US 3619798 A
Description (OCR text may contain errors)
United States Patent  Inventors Kenneth C. Smith Weston, Ontario;
Adel S. Sedra, Toronto, Ontario, both of Canada Nov. 20, 1969 Nov. 9, 1971 Canadian Patents and Development Limited Ottawa, Ontario, Canada Appl. No. Filed Patented Assignee THREE-PORT ELECTRICAL NETWORK Primary ExaminerRoy Lake Assistant Examiner-Lawrence J. Dahl Attorney.lames R. Hughes ABSTRACT: A three-port electrical network that has a first port whose impedance is high and whose voltage controls the potential of a second port which has low or zero impedance and through which an independent current flows to reappear at a third port at high impedance which consists of a unity gain amplifier having high input impedance and low output impedance and means for deriving a current related to the current flowing in the output port of the amplifier and means for conveying this current to a third port The latter two means are current followers energized from constant current sources.
sum 1 OF 5 CURRENT CONVEYOR IG.I
lo CURRENT CONVEYOR H 7* Wu T l PATENTEnunv s 197i sum 2 or 5 /A/ vflvrmx KEN/V674 c. SH/m Ma S. $6 M AGENT THREE-PORT ELECTRICAL NETWORK This invention relates to an electronic three-port network and more particularly to a circuit that possesses a first port whose input impedance is infinite and whose voltage controls the potential of a second port exhibiting zero impedance and through which an independent current flows to reappear at a third port where the impedance is infinite.
In an earlier patent application, Ser. No. 769,798 filed in the US. Pat. Office on Oct. 23, 1968, and in a paper The Current Conveyor-a new circuit building block published in the Proceedings of the IEEE Vol. 56, No. 8 in Aug. I968, we disclosed the concept of Current Conveying and an implementation in the form of a circuit building block for the Current Conveyor. This circuit building block has been found to be useful in many communication and instrumentation applications. The Current Conveyor disclosed is a three-port network with the three ports termed for convenience x, y, and 2. Its terminal characteristics can be best represented by a hybrid matrix giving the outputs of the three ports in terms of their corresponding inputs. This can be stated or represented as:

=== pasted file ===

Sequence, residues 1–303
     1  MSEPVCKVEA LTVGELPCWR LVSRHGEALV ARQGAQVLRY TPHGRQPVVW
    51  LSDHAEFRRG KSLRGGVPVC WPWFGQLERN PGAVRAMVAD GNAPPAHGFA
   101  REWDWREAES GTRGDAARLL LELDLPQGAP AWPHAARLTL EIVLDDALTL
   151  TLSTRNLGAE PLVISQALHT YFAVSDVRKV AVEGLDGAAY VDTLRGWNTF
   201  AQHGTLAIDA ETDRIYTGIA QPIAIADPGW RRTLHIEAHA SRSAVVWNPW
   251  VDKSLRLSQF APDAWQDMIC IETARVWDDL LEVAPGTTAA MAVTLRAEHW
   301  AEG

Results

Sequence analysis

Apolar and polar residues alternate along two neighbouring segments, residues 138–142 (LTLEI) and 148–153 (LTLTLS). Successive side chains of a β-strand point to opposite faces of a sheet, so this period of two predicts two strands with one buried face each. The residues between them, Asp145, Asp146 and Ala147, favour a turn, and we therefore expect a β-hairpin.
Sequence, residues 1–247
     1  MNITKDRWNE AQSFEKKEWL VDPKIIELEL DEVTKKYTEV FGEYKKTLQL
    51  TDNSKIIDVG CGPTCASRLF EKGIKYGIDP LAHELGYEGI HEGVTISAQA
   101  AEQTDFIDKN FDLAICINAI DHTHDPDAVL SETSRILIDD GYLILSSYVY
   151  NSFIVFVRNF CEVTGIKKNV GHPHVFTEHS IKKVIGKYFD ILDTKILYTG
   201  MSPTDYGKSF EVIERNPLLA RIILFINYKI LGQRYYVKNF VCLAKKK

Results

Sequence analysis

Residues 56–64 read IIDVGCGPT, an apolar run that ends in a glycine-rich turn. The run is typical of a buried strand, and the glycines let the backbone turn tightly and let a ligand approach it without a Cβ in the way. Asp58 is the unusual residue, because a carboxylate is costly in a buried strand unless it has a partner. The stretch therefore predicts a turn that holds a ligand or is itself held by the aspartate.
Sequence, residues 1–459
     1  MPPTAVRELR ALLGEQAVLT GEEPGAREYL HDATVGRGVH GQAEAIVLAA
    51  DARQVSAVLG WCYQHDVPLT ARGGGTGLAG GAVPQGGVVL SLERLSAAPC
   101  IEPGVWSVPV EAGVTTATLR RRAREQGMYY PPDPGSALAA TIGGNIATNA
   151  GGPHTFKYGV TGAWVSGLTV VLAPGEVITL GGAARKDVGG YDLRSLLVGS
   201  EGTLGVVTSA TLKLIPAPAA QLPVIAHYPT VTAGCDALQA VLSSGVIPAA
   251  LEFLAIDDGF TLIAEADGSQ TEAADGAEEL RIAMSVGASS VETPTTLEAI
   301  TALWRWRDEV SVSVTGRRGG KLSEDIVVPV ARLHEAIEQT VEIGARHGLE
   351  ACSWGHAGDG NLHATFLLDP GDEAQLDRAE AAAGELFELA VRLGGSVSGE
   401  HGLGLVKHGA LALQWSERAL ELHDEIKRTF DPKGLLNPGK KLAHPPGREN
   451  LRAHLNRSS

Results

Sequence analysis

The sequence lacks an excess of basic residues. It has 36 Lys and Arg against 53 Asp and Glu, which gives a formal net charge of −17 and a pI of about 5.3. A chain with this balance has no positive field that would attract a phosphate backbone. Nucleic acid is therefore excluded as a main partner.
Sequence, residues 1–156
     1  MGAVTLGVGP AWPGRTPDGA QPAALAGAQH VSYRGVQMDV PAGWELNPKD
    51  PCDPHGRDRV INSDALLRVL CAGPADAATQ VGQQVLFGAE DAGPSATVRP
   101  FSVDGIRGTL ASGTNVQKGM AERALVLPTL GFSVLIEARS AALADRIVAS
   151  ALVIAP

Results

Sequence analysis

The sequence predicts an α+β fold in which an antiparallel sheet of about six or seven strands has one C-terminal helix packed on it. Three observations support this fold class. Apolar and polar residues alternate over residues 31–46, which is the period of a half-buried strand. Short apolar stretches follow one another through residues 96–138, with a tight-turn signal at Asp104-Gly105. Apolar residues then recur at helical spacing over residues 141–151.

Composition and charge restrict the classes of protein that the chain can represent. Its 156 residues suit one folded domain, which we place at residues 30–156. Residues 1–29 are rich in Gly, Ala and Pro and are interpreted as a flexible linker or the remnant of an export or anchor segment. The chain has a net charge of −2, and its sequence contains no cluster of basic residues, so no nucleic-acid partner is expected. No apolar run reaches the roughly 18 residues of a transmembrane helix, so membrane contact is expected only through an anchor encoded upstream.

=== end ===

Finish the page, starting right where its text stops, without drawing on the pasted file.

All currents (i and voltages (v are total instantaneous quantities rather than incremental values. This property requires that any implementation of the Current Conveyor should be direct-coupled, should have no offset and should ensure linear ideal operation over a wide signal range.
The present disclosure is concerned with a new building block circuit embodying the Current Conveying concept but with different and more versatile terminal characteristics. The terminal characteristics of this circuit which is a three-port network with the ports termed x, y, and 1 can also be represented by a hybrid matrix giving the outputs of the three ports in terms of their corresponding inputs as follows:
A practical circuit realization of a Current Conveyor having these three-port will consist of an ideal voltage buffer stage with input at y and output x and means for accepting or supplying current at x and conveying an equal current to z where the impedance level will be high.
It is an object of the present invention to provide a threeport network that has a first port whose input impedance is very high and whose voltage controls the potential of a second port exhibiting substantially zero impedance and through which an independent current flows to reappear at a third port where the impedance is very high.
This and other objects of the invention are achieved by a unity gain close-to-ideal amplifier (perfect buffer having very high input impedance and low output impedance), means for extracting the output current and conveying it to a third free terminal having infinite impedance, and means for supplying suitable biasing currents to the amplifier and the extraction means.
In drawings which illustrate the embodiments of the inven- U01),
FIG. 1 is an idealized circuit diagram of a Current Conveyor with the required properties,
FIG. 2 is a block diagram of the Current Conveyor showing elements necessary to achieve the characteristics of the idealized circuit of FIG. I,
FIG. 3 is a first approximation circuit realization of a Current Conveyor which has characteristics approaching the idealized form of FIG. 1,
FIG. 4 is a further circuit realization which has characteristics more nearly approaching those of FIG. 1,
FIG. 5 is the circuit of FIG. 4 but with arrangement for negative feedback to the input transistor,
FIG. 6 is a complete circuit diagram of an actual Current Conveyor that closely approaches the idealized version of FIG. 1,
FIG. 7 is a variant form of the circuit of FIG. 4, and
FIG. 8 shows a constant current source generator that may be used in the Current Conveyor.